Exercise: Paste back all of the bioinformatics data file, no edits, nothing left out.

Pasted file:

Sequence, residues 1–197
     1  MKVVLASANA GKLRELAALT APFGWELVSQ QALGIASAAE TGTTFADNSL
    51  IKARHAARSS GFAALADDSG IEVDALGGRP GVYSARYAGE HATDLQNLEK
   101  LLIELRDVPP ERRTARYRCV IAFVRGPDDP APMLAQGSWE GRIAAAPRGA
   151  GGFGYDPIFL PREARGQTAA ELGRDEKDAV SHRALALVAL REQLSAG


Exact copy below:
Sequence, residues 1–197
     1  MKVVLASANA GKLRELAALT APFGWELVSQ QALGIASAAE TGTTFADNSL
    51  IKARHAARSS GFAALADDSG IEVDALGGRP GVYSARYAGE HATDLQNLEK
   101  LLIELRDVPP ERRTARYRCV IAFVRGPDDP APMLAQGSWE GRIAAAPRGA
   151  GGFGYDPIFL PREARGQTAA ELGRDEKDAV SHRALALVAL REQLSAG